Draft philosophy: 'Take best guy'
And no sure bet he'll be a pitcher

By Marc Lancaster
Post staff reporter

The Major League Baseball draft can't alter the course of the immediate future for a team, as is the case in the NFL or NBA, and everyone involved with the Reds understands that.

As important as the annual two-day affair that begins Tuesday is to the future of the franchise, the man in charge of guiding Cincinnati's fortunes won't be tempted by a quick fix. At the same time, senior director of scouting Chris Buckley refuses to overanalyze the situation.

"Wayne (Krivsky) and I are on the same page about scouting," Buckley said Thursday. "We're not thinking about 30 days after the draft, we're thinking about three or four years down the road."

That's how it works in baseball, and only the most advanced players are ready to contribute at the major league level after a few years in the minors. So when the Reds' first-round pick rolls around at No. 8 overall, don't necessarily expect them to take a pitcher, just because they need pitching at the highest level.

In fact, don't expect any specific move. For the moment, even Buckley isn't sure what the Reds will do, beyond one general philosophy.

"We're taking the best guy, whether he's a high school guy or a college guy," said Buckley. "Eight's a tough spot, just because the guys I'd take for sure I'm pretty confident are going in front of us, so we're taking the best guy."

When he says it, he means it. In the past, the Reds have sometimes shied away from players perceived as risky when it comes to signability - clients of superagent Scott Boras in particular - but Buckley insists that won't be a factor Tuesday.

"Not at all," he said. "We're going to take the best guy."

Though the first round is difficult to project and likely will remain that way up until the draft, there should be someone available at No. 8 whom the Reds are pleased with.

Beyond the players generally ranked at the very top of most teams' draft boards - University of North Carolina left-hander Andrew Miller, Long Beach State infielder Evan Longoria - the Reds are interested in a handful of highly ranked college pitchers.

They include University of Houston right-hander Brad Lincoln (12-1, 1.61 ERA in 16 starts), Cal right-hander Brandon Morrow (7-4, 2.05 ERA in 14 starts) and the Pac-10 pitcher of the year, University of Washington right-hander Tim Lincecum (12-4 with three saves and a 1.94 ERA in 22 appearances).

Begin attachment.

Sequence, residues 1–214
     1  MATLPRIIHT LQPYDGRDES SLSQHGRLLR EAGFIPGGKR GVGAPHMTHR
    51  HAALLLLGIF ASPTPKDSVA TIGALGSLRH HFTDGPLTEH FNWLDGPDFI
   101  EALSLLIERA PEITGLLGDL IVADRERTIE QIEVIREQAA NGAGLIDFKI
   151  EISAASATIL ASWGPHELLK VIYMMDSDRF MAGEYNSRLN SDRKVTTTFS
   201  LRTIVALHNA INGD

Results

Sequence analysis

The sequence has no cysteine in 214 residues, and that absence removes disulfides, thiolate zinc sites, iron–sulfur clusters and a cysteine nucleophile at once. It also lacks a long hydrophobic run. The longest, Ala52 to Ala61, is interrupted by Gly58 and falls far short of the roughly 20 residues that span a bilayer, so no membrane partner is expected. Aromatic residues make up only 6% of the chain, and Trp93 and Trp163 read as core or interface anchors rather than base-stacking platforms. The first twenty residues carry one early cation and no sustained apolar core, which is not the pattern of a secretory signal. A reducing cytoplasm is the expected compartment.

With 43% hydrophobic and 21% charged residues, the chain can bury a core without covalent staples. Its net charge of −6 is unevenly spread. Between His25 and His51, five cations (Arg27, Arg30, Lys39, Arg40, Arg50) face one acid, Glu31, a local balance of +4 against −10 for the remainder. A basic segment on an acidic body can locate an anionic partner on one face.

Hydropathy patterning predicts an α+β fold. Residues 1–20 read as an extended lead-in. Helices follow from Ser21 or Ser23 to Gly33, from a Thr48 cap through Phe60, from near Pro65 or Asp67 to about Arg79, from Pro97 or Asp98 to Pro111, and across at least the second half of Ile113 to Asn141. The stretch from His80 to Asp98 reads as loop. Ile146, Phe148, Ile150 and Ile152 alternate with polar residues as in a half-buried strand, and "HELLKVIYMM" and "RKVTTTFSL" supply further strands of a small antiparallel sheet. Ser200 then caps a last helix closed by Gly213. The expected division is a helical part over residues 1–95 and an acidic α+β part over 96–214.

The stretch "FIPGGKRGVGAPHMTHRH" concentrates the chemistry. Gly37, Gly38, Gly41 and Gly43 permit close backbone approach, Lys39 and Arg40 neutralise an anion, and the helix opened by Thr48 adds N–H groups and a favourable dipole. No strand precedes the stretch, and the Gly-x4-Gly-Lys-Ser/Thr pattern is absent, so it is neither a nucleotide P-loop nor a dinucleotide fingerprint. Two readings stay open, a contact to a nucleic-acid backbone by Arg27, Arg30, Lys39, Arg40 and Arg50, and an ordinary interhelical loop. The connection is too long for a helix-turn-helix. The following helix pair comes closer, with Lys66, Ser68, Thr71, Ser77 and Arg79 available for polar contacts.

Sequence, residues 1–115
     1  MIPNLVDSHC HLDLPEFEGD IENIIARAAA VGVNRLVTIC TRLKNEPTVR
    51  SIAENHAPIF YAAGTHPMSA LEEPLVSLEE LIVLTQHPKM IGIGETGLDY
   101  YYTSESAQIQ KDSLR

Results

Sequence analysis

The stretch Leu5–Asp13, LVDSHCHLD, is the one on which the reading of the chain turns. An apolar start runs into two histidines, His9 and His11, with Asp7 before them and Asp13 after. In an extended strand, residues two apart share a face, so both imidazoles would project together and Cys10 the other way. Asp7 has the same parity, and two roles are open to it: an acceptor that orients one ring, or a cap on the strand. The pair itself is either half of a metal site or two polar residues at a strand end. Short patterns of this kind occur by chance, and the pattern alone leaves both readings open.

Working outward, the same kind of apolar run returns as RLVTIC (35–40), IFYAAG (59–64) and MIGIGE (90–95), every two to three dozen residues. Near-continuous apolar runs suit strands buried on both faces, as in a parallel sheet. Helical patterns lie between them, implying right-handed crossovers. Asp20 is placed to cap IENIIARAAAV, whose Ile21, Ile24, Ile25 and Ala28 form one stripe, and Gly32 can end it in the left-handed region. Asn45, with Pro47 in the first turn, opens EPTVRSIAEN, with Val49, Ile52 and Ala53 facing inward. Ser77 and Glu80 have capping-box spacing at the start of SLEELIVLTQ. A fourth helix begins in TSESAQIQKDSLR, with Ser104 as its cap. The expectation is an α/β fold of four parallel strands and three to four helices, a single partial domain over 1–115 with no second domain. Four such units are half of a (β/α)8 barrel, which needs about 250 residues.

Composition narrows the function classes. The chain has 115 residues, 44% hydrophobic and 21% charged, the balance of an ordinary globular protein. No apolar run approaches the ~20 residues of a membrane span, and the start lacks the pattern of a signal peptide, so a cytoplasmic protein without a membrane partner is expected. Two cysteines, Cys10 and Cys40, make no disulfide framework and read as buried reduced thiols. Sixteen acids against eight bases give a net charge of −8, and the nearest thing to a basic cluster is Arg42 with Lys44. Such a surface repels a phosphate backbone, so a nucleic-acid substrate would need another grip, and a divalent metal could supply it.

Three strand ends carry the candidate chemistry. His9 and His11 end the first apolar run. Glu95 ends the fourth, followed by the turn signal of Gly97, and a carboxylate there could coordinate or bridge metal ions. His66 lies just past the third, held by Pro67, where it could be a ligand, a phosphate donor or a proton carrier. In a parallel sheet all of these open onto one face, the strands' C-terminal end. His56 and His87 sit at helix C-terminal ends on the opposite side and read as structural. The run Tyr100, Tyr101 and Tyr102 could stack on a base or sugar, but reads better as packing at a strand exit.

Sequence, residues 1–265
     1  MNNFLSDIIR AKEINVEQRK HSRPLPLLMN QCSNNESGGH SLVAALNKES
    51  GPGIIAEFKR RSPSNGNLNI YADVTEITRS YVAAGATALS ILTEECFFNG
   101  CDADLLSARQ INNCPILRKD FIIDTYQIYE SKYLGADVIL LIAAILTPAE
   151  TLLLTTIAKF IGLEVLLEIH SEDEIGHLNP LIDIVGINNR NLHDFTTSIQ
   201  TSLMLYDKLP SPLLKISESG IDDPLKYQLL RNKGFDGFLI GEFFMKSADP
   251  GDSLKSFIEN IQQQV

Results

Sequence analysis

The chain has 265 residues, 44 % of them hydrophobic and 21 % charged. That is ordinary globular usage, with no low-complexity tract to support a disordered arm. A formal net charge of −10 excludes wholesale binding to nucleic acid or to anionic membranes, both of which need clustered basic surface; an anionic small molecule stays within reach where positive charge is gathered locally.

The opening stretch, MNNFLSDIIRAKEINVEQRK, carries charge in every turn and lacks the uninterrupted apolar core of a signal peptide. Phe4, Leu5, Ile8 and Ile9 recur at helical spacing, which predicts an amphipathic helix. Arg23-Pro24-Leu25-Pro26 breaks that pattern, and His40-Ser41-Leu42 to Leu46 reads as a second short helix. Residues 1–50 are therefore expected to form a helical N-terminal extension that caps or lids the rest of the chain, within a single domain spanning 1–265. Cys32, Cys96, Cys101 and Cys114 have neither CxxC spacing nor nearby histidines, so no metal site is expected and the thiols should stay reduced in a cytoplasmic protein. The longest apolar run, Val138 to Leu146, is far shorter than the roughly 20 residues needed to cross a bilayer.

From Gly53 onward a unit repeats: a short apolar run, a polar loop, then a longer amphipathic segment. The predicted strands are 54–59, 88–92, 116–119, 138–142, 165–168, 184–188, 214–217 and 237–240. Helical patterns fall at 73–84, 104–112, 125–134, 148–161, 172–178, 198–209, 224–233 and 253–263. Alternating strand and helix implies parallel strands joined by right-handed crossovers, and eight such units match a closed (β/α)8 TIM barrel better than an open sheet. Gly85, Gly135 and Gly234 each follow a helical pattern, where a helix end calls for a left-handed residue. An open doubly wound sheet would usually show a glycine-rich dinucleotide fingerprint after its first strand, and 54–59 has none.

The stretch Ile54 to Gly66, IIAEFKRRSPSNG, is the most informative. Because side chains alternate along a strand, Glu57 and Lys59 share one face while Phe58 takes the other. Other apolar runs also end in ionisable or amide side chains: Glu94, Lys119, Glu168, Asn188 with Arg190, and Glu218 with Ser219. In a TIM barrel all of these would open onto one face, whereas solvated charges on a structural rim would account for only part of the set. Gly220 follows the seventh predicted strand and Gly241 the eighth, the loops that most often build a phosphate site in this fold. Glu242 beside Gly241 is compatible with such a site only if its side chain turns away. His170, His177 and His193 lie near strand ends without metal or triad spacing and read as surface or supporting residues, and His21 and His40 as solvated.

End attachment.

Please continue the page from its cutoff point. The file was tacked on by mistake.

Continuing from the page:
The only problem is, all of those players could very well be off the board by the time the Reds pick. They may end up taking a high school position player for the second year in a row, with New Jersey third baseman Bill Rowell the top possibility.

The wild card in the top half of the first round is right-hander Luke Hochevar, who did not sign with the Los Angeles Dodgers after they drafted him 40th overall last year and is back in the draft pool. Many thought the University of Tennessee product was the best pitcher available in last year's draft, but the preemptive negotiating stance adopted by his agent - Boras - muddied the waters.

The situation unfolded into a melodrama that saw the pitcher briefly switch agents, then return to Boras, before failing to come to an agreement by Tuesday's deadline. Hochevar is now pitching for the independent Fort Worth Cats, where he is 1-1 with a 2.38 ERA in four starts, striking out 34 in 22 2/3 innings. He likely will be a top-10 pick, with one significant sticking point: Boras reportedly is seeking a major league contract with a bonus in the neighborhood of $4 million.

Cincinnati wouldn't dismiss Hochevar out of hand, said Buckley, but his demands could complicate the process.

"Wayne and Bob Castellini would have to be filled in on that if there needs to be a major league contract," he said. "Signability, for me, is the dollars, and in a case like that there could be other issues there other than just money."

Checking on potential draftees' willingness to sign is one of the main tasks facing Buckley and his staff as the weekend unfolds. The Reds' top national scouts already are gathered in Cincinnati, while area scouts continue to cover this weekend's NCAA tournament regionals.

The Reds are assembling their draft board, and once that is complete they will be in touch with agents to try and gauge how much it might take to sign a particular player.

They expect to complete one key deal before the draft, locking up last year's eighth-round pick Milton Loo once his Yavapai (Ariz.) College team is finished playing in the Junior College World Series.

"We think we're going to get it done," said Buckley. "All the signs are pointing towards that."


The Reds recently signed two other draft picks from last year, 22nd-rounder Robbie Nickols, a left-hander from Pima (Ariz.) Community College, and 37th-round selection Jake Long, a catcher from Modesto (Calif.) Junior College. Both will report to Sarasota to prepare for Rookie ball.

It won't be long before they are joined there by members of the draft class of 2006. All reports are that the overall talent level in this year's pool is the weakest in years, but that doesn't mean there aren't players available that may be able to help down the road.

"This is not a great year all the way around," said Buckley, "but we've got to make 50 picks and we're going to make them."

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